There was a small "wardrobe malfunction" on lap three as well. I had changed back into the NES Ninjas tank I was wearing on lap one for lap three (after having let it dry in the sun). While doing the Pond Traverse on top of the rope, I ran into a snag when the logo on the tank, hot from the sun, basically melted along the rope. I could barely move and, thus, failed the obstacle and ruined my shirt. #ocrprobs
I finished lap three at 9:22 p.m., in 3:20 -- almost 40 minutes faster than the previous lap. I had 12 penalties, including the nine from before, plus the Pond Traverse, the Flat Monkey Bars, and the post hop part of Balance Alley. I was tired and needed rest. I had enjoyed lap three but needed some sleep. I also had about zero interest in doing an overnight lap. The idea of tackling challenging trail at the middle on the night on such tired legs seemed undesirable. I was here to have fun and challenge myself and complete obstacles. At this point I opted to go to bed, knowing that meant I would likely not get in five laps total. The plan was to do what I did last year and wake up early for a fourth lap. Maybe, knowing this was the last year, I should have pushed myself to try something new and do an overnight lap. In a way I kind of regret that I didn't. However, I also stand by my decision because when I got up at 4:30 a.m. to take on that last lap, I was ready.
It was lap four that had done me in in 2017. Midway through, my hands had been toast and I had taken the journeyman's option and finished by basically running past a lot of obstacles. I was not going to do that again. I was going to finish lap four in 2018 as strong as I started it. Plus, I had penalties, in the form of spiderman push-ups, to keep me focused.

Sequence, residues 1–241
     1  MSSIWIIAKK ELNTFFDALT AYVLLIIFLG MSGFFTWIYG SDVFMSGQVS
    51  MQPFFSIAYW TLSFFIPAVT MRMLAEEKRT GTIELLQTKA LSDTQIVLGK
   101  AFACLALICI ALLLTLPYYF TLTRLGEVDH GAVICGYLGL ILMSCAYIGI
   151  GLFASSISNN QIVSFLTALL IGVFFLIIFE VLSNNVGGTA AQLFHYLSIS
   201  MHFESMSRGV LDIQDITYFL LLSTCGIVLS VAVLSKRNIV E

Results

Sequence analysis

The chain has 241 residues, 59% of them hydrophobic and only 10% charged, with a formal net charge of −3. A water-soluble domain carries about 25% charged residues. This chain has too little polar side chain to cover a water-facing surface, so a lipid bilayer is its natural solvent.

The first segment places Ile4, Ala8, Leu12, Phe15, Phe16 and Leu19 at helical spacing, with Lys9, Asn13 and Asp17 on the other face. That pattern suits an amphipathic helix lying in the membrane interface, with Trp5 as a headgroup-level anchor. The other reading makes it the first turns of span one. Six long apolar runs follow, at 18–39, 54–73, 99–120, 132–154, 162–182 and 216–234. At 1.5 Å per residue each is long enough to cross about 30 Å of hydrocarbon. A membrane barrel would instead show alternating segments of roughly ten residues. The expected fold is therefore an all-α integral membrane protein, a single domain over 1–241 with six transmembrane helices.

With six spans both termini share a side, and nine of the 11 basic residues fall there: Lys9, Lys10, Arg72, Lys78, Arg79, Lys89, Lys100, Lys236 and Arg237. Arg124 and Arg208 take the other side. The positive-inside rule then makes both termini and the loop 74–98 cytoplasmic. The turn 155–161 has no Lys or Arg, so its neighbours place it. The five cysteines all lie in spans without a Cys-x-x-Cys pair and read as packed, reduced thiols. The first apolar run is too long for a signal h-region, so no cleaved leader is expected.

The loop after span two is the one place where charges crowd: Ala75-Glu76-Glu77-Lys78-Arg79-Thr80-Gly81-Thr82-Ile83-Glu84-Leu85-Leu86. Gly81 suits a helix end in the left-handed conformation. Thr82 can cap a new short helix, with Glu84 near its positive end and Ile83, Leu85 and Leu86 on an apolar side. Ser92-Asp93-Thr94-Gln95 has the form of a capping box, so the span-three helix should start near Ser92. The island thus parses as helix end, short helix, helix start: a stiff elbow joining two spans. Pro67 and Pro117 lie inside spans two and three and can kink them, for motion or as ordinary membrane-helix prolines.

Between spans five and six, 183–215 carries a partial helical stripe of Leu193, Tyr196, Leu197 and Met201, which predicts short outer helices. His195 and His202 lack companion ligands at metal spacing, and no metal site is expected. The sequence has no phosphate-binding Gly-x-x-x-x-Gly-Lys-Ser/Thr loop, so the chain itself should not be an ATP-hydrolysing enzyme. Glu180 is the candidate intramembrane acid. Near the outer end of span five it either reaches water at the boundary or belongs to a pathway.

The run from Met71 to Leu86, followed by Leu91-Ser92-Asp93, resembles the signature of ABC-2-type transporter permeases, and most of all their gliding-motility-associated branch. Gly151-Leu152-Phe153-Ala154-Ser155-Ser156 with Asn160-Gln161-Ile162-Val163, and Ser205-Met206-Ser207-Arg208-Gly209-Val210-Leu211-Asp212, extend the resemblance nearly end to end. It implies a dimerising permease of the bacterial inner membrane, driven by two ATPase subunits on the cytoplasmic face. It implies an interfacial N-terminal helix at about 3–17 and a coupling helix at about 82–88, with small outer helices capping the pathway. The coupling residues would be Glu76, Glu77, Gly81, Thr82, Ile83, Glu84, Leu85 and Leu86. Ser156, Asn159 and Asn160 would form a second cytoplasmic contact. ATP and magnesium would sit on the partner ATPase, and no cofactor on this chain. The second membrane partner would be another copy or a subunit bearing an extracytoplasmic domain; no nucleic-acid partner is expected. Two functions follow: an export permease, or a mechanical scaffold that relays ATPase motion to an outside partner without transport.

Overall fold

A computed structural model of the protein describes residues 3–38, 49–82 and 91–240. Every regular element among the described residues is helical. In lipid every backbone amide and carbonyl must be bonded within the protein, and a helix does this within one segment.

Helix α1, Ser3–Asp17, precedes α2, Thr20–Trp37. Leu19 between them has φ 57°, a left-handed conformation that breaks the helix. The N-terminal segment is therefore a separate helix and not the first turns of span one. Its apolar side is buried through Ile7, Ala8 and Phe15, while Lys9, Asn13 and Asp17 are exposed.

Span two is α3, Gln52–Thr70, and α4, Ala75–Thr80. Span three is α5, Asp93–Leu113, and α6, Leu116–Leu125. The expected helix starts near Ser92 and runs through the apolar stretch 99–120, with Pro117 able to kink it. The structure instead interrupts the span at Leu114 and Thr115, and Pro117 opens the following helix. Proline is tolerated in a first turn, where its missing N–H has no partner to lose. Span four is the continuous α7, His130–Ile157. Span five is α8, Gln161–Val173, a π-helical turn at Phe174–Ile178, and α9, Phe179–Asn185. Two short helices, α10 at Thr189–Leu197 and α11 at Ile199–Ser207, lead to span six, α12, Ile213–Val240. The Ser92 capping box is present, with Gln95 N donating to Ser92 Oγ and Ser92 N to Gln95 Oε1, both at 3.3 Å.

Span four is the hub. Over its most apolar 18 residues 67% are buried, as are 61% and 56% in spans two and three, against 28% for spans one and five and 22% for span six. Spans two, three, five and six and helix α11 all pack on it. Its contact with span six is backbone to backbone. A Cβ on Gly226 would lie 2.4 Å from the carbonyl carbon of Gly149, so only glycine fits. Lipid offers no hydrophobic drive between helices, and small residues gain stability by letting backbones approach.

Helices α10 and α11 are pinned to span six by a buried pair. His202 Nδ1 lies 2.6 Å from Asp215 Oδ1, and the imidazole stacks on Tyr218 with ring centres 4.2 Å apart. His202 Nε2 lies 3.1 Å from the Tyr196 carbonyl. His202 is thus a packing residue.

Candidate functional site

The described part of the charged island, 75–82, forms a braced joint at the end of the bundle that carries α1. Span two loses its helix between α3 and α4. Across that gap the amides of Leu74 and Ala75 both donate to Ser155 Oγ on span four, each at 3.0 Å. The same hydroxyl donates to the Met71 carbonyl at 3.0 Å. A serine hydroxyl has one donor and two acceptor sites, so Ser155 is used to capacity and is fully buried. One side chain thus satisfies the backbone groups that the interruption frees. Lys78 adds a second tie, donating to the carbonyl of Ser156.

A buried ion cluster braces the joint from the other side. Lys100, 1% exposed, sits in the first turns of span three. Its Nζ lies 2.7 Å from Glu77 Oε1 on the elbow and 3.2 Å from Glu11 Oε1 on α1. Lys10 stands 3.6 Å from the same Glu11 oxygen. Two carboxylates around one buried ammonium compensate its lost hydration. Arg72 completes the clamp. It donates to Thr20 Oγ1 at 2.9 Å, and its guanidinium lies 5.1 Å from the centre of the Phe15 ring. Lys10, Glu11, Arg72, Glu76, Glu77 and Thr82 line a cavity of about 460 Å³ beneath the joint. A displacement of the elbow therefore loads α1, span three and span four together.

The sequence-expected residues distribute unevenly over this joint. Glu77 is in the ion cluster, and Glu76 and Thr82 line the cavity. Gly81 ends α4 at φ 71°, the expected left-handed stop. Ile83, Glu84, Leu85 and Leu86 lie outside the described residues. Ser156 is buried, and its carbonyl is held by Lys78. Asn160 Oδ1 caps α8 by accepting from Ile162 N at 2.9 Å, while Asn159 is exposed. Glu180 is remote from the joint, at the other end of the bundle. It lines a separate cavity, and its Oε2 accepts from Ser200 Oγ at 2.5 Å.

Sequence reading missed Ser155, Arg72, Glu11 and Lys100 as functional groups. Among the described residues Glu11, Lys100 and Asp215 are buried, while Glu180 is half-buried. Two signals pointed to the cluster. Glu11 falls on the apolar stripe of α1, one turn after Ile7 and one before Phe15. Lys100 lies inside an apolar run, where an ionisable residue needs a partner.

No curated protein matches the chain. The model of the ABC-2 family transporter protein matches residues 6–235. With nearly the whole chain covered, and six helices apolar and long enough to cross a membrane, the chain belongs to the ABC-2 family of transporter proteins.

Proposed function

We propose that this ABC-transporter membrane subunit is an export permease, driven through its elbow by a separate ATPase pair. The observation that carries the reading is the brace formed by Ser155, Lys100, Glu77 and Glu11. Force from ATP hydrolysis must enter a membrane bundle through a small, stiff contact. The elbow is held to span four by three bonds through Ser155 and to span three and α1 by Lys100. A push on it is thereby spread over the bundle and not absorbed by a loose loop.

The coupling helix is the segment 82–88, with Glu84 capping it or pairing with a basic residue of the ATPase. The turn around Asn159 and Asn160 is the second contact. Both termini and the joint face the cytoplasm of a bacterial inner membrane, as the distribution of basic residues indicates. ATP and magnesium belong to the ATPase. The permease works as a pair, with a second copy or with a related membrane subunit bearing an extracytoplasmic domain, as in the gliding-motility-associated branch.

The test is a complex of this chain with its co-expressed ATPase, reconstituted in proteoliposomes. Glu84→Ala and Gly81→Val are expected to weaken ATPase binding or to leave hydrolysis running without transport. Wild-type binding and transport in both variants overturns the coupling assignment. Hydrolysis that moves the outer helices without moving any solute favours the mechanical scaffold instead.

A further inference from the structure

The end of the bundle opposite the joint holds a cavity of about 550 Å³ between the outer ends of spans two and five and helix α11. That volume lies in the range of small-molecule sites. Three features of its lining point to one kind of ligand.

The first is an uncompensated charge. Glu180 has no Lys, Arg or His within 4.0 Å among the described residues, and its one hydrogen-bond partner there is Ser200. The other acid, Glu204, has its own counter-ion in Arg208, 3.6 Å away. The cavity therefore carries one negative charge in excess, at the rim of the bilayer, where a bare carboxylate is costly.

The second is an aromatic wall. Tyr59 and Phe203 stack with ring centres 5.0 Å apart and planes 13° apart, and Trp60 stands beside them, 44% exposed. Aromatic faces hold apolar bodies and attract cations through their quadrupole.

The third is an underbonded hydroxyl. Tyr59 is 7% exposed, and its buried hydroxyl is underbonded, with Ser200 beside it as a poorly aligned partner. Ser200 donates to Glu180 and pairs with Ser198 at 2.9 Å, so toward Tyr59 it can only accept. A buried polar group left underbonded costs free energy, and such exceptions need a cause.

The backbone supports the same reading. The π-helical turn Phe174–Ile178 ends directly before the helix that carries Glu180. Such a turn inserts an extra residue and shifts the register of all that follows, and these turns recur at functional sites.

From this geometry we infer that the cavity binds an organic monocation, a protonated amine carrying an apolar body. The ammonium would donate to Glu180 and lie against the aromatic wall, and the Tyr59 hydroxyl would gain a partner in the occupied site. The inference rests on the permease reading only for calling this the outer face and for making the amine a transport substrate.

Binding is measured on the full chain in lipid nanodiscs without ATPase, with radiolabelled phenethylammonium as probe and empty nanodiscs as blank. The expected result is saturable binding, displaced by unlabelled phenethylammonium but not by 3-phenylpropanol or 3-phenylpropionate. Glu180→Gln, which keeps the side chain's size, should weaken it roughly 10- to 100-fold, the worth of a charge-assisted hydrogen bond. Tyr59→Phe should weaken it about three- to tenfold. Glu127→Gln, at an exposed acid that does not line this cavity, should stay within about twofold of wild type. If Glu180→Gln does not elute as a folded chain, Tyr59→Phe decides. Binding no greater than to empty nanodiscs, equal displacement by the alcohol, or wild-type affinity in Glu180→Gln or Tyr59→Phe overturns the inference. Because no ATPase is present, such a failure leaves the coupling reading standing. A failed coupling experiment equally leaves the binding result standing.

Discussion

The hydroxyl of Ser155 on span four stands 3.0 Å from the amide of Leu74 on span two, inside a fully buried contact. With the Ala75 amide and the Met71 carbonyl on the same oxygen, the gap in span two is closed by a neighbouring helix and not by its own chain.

At 4:49 a.m., with first light peaking above the mountains in the distance and fog rising up from the fields of hay and wild flowers, I made my way out for the last lap of the course. It's a certain kind of magic to be up and moving through the chill of the morning air, eyes fixed on the beauty of nature, and mind focused on one goal. I made sure to take time at the top of each obstacle to quickly enjoy the view. This was it.
The entire last lap was a fantastic experience. My body and my mind were focused. I did well on the obstacles only failing 13 (add on the Great Wall and the Loom from last time, but take out the Pond Traverse). My hard training with the coaches paid off in performance gains I could see. I finished strong enough to question if maybe I could have done an additional lap earlier and really tested myself because, as athletes, are we ever convinced its been enough? I was also satisfied. I had covered 26 miles, done several hundred obstacles, and had quality obstacle completion. I had raced with focus, integrity, hard work, and joy. I would like to think there is no better tribute to Shale Hill than that.
I ended up placing third in my age group. The other two women had done more. I have no idea about their penalties; I applaud their efforts and hope they are excited about reaching their goals. I wish that there was another year of Shale Hell to look forward to. I wish that we had more time. After a great 2018 race, I have new goals I want to strive for next year. New experiences to try. Then again, when will that not be the way? Jill and Rob, thank you for the wonderful race, the years of memories, the amazing community that you created, and the outstanding course that you built that has always challenged me in the best way possible. There is no more fitting tribute I can think of than the experience I had at the 2018 Shale Hell race.